2880 total votes.
It’s not quite Robin Ventura getting a hit in 58 consecutive games for Oklahoma State, or Joe DiMaggio doing it in 56 in a row for the Yankees, but Kansas University reserve post player Markieff Morris has a nice little streak going.
A 6-foot-9 sophomore from Philadelphia, Morris has made 14 consecutive field-goal attempts after missing his first shot of the season. He has made all three of his three-point shots.
And all Morris wanted to talk about after playing 18 minutes and contributing 11 points, six rebounds and three assists in Friday night’s 112-75 rout of Tennessee Tech in front of the customary 16,300 fans packed inside Allen Fieldhouse was setting screens. He might have been done growing vertically by the time he came to Kansas, but he’s done a lot of growing in other ways.
“Coach emphasizes screening in practice,” Morris said. “We practice screening a whole lot, and I think that opens our guys up for a whole lot of open shots.”
He grew excited talking about the keys to setting good screens.
“Sprint to your screen,” he said. “Stay low. Absorb the contact. Coach emphasizes every day you can’t be soft setting the screens, or we won’t get any open shots. Coming into college, I wasn’t a screener. Coming in here, coach emphasizes getting our teammates open shots, and I try to take pride in getting teammates open shots.”
Markieff Morris said he wasn’t aware he had missed just one shot.
“I don’t really pay attention too much to that,” he said. “I just try to do what coach needs me to do so I can stay in the game.”
Therein lies the beauty of depth on a basketball roster. Nothing motivates quite like a seat on the bench. Keep the stickler for details happy by doing all the little things, and your chances of not having to sit near him improve.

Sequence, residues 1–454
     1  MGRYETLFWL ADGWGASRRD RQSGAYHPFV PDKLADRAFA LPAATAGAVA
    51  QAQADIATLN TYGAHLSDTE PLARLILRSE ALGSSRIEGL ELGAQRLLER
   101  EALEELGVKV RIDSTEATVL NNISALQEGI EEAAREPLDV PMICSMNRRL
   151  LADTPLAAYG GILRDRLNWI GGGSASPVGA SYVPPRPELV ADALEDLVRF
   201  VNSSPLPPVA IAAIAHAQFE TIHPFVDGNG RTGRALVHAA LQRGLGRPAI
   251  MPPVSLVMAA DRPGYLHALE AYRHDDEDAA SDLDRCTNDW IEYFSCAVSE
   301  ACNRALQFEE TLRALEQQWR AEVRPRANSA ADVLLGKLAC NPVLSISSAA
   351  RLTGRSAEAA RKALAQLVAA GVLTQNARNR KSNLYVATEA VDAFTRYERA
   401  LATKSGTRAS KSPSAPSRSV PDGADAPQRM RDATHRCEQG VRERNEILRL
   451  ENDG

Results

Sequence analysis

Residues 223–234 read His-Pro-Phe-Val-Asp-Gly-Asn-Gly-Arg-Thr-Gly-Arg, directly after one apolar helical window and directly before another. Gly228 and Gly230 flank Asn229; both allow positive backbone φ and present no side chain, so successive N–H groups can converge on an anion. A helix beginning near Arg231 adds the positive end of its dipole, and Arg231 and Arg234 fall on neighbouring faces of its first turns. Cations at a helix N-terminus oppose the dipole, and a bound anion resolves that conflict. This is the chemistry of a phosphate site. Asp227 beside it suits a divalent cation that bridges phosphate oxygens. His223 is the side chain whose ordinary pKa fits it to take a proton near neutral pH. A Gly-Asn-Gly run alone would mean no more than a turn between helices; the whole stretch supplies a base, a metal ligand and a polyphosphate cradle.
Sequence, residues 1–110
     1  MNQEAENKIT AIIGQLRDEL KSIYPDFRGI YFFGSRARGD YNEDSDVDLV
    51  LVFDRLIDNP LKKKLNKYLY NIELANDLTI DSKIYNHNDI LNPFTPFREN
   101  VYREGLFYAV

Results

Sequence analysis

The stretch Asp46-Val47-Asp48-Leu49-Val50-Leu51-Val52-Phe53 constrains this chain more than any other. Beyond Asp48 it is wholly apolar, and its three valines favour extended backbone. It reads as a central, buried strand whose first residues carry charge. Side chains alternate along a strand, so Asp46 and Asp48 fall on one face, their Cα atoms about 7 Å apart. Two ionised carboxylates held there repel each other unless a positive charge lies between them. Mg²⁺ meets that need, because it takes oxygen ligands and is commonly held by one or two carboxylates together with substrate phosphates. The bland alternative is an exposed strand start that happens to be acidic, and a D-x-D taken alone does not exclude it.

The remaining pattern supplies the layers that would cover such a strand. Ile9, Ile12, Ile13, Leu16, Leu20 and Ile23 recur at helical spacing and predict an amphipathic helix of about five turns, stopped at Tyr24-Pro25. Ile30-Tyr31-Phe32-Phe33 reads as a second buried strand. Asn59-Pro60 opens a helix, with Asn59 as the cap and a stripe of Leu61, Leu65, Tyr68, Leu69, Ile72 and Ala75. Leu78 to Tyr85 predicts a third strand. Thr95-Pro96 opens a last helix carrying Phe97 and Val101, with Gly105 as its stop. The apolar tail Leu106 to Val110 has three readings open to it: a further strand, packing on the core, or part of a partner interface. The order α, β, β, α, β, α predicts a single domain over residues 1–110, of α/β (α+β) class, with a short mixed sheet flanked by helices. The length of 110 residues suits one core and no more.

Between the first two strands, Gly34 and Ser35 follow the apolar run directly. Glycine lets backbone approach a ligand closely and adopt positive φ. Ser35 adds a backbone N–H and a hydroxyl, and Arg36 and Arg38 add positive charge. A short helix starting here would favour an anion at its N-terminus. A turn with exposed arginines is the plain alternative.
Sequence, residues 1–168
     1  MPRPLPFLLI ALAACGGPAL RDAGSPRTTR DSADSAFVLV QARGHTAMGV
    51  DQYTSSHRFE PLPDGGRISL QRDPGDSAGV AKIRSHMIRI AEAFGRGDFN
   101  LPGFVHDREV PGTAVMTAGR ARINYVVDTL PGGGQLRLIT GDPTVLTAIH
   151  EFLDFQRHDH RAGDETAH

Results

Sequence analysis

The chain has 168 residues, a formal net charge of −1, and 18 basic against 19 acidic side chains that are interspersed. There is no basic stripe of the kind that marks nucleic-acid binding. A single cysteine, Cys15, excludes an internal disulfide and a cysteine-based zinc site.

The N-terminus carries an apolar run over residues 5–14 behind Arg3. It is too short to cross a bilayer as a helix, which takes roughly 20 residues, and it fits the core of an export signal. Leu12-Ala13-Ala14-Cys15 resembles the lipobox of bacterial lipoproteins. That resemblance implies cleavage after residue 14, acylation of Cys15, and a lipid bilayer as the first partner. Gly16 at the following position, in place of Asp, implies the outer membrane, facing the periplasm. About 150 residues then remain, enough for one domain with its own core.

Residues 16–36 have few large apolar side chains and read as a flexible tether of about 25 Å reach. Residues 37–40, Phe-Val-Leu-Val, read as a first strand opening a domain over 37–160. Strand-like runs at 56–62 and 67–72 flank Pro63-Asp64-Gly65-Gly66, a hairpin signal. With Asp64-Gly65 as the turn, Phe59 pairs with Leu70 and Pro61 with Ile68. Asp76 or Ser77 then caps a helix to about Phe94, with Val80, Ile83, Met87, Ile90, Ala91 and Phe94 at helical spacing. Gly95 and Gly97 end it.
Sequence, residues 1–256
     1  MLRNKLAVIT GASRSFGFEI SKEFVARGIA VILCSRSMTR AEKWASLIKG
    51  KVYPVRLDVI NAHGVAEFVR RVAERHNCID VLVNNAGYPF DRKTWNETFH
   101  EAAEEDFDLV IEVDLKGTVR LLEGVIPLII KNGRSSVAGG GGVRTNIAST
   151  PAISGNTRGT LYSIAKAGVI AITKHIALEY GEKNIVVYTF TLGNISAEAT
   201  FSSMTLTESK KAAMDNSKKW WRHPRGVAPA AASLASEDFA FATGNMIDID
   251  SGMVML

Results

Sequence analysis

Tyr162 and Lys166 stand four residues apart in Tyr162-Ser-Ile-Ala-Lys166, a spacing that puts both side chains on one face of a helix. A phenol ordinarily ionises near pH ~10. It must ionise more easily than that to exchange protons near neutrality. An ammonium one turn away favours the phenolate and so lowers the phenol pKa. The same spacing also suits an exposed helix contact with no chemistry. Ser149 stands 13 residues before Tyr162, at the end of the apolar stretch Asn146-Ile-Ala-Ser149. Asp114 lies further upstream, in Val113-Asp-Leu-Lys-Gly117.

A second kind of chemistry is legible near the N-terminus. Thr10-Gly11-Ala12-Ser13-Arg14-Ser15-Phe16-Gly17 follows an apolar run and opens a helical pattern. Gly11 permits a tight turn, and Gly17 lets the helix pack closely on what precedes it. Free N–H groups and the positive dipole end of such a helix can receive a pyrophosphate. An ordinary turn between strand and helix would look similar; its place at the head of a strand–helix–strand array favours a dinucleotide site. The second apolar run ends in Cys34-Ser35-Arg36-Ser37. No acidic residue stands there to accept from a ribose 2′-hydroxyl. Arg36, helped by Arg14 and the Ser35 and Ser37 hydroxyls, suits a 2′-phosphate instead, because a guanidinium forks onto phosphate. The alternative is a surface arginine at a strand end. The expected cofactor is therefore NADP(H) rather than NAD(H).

The Jayhawks are keenly aware that one good way to earn a seat on the bench is to monopolize the basketball, instead of keeping it moving. For the second time in three nights, Kansas had a terrific night passing the ball.
“Everybody had open shots because we kept the ball moving,” Markieff said.
He is playing 14.4 minutes per game, time enough to average 7.4 points and 5.4 rebounds, roughly 15 points and 11 rebounds a game if he played 30 minutes a night. With twin brother, Marcus, and preseason All-American center Cole Aldrich playing in front of him, those type of minutes aren’t available, so he makes the most of those he gets and tries to improve at the little things to earn more playing time.
“It’s tough,” Aldrich said of going against him in practice daily. “It’s tough. I couldn’t say it wasn’t tough at times last year. Markieff, I would say if I could pick a person coming back, he was probably the most improved over the summer, him and his brother. They kind of got over the attitude of limiting themselves working hard. Now they really work hard all the time. With those two working hard, it just makes the whole team better.”
Markieff won’t shoot .933 from the field all year. As the competition stiffens, his production stands to decrease. Of more importance, look for his effort level to keep right on rising.